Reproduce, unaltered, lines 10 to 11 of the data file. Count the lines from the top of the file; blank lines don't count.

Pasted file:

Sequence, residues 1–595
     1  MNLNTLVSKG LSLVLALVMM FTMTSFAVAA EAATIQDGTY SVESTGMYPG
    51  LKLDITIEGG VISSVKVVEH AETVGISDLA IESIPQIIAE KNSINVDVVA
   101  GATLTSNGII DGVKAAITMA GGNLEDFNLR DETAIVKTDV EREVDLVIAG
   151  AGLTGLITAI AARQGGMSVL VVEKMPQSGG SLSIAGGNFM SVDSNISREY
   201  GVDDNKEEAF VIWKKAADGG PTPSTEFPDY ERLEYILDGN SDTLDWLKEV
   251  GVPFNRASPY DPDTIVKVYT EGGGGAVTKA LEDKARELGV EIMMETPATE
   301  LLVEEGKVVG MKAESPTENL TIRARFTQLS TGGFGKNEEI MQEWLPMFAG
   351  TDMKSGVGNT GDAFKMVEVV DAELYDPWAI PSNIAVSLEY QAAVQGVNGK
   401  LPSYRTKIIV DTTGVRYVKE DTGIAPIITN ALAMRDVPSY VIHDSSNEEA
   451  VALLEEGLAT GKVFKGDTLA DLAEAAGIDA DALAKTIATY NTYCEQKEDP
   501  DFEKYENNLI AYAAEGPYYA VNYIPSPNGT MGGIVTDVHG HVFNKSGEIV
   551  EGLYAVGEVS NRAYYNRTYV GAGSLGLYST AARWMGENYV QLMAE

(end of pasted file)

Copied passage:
   401  LPSYRTKIIV DTTGVRYVKE DTGIAPIITN ALAMRDVPSY VIHDSSNEEA
   451  VALLEEGLAT GKVFKGDTLA DLAEAAGIDA DALAKTIATY NTYCEQKEDP